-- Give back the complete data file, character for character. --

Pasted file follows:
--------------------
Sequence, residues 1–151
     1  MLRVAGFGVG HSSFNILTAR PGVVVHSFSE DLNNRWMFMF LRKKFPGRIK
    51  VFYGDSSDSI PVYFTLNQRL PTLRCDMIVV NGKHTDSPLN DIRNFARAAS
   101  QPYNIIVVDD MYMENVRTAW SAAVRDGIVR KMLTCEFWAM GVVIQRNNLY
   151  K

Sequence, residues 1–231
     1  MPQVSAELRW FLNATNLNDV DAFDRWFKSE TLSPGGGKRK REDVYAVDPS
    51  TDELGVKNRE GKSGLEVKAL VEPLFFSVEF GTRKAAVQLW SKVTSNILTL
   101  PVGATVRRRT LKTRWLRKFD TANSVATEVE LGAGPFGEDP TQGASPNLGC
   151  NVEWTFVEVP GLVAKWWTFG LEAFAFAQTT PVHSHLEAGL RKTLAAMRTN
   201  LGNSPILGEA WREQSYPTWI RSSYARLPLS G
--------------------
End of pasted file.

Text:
Sequence, residues 1–151
     1  MLRVAGFGVG HSSFNILTAR PGVVVHSFSE DLNNRWMFMF LRKKFPGRIK
    51  VFYGDSSDSI PVYFTLNQRL PTLRCDMIVV NGKHTDSPLN DIRNFARAAS
   101  QPYNIIVVDD MYMENVRTAW SAAVRDGIVR KMLTCEFWAM GVVIQRNNLY
   151  K

Sequence, residues 1–231
     1  MPQVSAELRW FLNATNLNDV DAFDRWFKSE TLSPGGGKRK REDVYAVDPS
    51  TDELGVKNRE GKSGLEVKAL VEPLFFSVEF GTRKAAVQLW SKVTSNILTL
   101  PVGATVRRRT LKTRWLRKFD TANSVATEVE LGAGPFGEDP TQGASPNLGC
   151  NVEWTFVEVP GLVAKWWTFG LEAFAFAQTT PVHSHLEAGL RKTLAAMRTN
   201  LGNSPILGEA WREQSYPTWI RSSYARLPLS G